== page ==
(Scott)-Not a peep from me on this one, this falls way outside the realm of my limited "expertise" (such as it is)...I'll be checking these out, as I do EVERY SINGLE THING anyone sends me, and thanks once again to Brian for bringing eccentricity and variety to the table
Here is a post I hope won't fall on too many deaf ears. I've barely hinted at it before, but I'm a nut for jazz music... I have 150+ CDs of it. And I should say, not the TV menu/background music/smooth jazz kind of crap that passes for it nowadays. I like my stuff pre-1980, that's for sure. I've got a lot of classics to share. But first, we're gonna go weird....
The strangest discipline of jazz I've gotten into is the free stuff. While I have many key albums from the leading artists of the style - Coltrane, Ornette Coleman, Cecil Taylor - for me, the person who's created the most apocalyptic, fascinating free jazz is German saxophonist Peter Brötzmann. He has been a lynchpin of European free music since the mid-60's. Any number of major musicians have played with him over the years.
This first one is an album I posted last year. Machine Gun was a defining moment of 1960's free jazz. The group Brötz assembled consisted of three saxes, a piano, two basses, and two drummers. Comparatively, this thing is like Ornette Coleman's Free Jazz with a shotgun to it's head! Just an explosiveness of sound, reaching a point where the instruments transcend the very idea of music itself and just go for emotion. This file is a rip of my really out of print 2008 Complete Machine Gun Sessions CD.
Balls and Nipples are two mischievously titled albums from the late 60's. Balls is a trio album consisting of Brötz, dynamite drummer Han Bennink, and pianist Fred Van Howe, all returning from Machine Gun. They create a hell of a racket with just three of them. Nipples is a sextet affair, consisting of two long tracks. I don't know the personnel.
In the mid 80's, Brötzmann formed the group Last Exit with bassist Bill Laswell, guitarist Sonny Sharrock, and drummed Ronald Shannon Jackson. They created a driving, rock-edged kind of free jazz, fronted by Brötz's saxophone and the shards of Sharrock's guitar. I've always wondered if this group was influential to John Zorn; I think his jazz-metal supergroup Painkiller bears no small resemblance to Last Exit.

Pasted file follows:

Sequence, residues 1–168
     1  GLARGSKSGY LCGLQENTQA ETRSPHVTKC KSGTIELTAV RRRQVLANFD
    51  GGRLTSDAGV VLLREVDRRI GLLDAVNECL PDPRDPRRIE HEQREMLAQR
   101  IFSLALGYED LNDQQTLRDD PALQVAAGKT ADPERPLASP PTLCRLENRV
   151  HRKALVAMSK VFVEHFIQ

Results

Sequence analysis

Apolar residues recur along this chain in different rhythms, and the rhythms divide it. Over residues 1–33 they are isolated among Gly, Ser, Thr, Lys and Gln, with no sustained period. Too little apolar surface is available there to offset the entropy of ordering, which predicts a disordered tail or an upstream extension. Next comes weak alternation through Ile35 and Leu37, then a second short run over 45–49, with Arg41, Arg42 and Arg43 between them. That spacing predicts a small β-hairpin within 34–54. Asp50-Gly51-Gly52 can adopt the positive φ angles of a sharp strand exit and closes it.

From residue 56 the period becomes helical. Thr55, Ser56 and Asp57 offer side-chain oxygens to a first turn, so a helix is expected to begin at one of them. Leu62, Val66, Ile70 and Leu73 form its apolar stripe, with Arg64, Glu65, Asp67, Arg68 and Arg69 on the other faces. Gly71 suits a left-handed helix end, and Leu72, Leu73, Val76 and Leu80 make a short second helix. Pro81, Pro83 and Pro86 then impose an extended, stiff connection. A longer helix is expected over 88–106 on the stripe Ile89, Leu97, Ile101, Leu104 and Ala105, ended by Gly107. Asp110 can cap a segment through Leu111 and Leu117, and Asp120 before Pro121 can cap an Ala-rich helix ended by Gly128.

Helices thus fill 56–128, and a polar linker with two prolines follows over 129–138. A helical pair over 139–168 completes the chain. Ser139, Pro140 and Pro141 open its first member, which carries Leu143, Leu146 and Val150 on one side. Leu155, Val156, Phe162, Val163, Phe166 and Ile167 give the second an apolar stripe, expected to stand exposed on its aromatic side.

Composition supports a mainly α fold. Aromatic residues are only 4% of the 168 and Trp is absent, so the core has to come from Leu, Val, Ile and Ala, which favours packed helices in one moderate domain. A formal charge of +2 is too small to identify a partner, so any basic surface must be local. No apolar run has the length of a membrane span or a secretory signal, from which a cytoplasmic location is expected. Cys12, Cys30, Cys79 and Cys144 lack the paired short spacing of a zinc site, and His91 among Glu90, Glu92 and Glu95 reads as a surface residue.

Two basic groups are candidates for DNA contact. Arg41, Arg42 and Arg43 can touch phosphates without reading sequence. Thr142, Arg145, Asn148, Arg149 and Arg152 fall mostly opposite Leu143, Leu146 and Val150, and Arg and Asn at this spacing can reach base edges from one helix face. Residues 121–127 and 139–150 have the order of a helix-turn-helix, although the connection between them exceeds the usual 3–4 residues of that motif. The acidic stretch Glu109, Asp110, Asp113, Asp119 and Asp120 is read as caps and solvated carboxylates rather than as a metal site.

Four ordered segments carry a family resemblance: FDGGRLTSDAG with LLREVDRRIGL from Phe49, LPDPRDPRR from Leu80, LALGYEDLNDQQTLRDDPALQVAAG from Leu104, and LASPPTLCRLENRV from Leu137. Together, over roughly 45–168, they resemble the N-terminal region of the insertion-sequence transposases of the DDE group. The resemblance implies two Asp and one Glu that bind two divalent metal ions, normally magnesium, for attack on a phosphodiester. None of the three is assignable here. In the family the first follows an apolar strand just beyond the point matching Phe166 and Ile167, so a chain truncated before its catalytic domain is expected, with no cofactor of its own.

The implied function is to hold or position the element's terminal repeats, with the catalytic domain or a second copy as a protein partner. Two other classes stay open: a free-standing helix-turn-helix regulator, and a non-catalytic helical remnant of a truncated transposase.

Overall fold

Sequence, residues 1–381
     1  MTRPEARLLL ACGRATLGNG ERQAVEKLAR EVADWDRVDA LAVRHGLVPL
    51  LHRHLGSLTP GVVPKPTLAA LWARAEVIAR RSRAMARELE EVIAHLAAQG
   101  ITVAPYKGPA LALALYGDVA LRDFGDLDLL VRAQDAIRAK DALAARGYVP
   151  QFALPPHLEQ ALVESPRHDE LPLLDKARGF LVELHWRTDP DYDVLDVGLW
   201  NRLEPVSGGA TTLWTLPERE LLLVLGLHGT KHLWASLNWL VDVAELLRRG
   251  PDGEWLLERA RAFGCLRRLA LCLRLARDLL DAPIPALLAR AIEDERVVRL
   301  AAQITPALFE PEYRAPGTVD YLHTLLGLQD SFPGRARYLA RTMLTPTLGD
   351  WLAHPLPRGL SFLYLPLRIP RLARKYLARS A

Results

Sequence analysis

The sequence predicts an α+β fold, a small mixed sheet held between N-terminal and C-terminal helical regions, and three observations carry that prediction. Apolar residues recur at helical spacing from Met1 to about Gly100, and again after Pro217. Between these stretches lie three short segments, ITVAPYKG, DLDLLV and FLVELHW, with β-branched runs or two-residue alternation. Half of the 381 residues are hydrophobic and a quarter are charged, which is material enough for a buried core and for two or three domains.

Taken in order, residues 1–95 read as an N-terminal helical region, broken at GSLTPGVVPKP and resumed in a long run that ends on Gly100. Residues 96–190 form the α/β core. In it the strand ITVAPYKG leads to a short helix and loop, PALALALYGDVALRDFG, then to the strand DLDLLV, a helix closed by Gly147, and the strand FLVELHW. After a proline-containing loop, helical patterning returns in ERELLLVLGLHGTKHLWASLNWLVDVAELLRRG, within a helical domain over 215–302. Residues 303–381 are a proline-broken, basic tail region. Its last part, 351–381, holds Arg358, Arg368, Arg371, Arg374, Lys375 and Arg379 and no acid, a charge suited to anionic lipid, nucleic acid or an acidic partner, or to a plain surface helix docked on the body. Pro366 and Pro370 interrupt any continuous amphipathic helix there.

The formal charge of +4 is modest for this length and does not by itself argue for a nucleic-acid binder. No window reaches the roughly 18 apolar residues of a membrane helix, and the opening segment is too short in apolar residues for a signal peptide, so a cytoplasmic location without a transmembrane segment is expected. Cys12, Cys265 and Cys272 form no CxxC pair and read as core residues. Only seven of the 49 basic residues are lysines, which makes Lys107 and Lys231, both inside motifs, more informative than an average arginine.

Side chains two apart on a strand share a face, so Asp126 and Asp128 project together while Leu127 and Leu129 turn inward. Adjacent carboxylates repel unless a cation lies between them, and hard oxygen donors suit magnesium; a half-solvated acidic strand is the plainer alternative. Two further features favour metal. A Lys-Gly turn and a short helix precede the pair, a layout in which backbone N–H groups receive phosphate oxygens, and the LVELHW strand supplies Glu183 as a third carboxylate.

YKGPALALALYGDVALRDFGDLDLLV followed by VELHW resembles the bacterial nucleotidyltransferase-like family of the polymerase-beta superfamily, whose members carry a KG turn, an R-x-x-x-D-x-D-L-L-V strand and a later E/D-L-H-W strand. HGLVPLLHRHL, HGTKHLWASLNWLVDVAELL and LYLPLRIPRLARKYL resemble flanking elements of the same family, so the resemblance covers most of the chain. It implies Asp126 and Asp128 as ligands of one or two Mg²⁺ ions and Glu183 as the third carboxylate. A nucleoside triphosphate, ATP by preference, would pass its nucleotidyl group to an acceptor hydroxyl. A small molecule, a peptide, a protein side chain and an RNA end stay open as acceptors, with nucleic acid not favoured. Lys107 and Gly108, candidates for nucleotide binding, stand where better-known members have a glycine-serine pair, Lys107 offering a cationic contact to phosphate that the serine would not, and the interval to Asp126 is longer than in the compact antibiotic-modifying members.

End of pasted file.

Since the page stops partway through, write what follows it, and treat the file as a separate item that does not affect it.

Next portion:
While they almost exclusively released live albums - of which I've included the dynamic Köln here - they released one studio record, the very rare Iron Path from 1988. If you like energetic music in all it's forms, you just need these two. Maximum volume, kids....
In the late 90's, Brötz formed the Die Like A Dog Quartet. The name of the group refers to how Brötz's musical idol Albert Ayler died. The group featured William Parker and Hamid Drake as the rhythm section, and trumpeter Toshinori Kondo as co-lead instrument. Kondo's trumpet - which bears the strong stamp of Miles Davis's smeary, wailing 70's electric sound - drives Brötz to even greater heights of saxophone fire-breathing.
The centerpiece of their discography is the two disc live album Little Birds Have Fast Hearts. It consist of six parts, ranging in length from 4 mins to 45 minutes long. The group displays any number of emotions and colors throughout while they create their intense sonic stew. Interplay like you can't imagine. These two files are the complete set - 2 1/2 hours of music. Apocalyptic shronk.
If you guys have ever gambled on one of
my suggestions, try this one too. There is an intensity and purity to this music that must be respected. If your music collection includes grindcore, drone, noise music, or avant-garde strangeness, you may find something to like here. The bonus link for this post is 3 albums by one of my favorite cynical modern comics, a fella named Doug. I had posted one of his albums last year. Here it is again, along with two infamous bootlegs of his from the mid-2000s. This music and this comedy both stare into the abyss.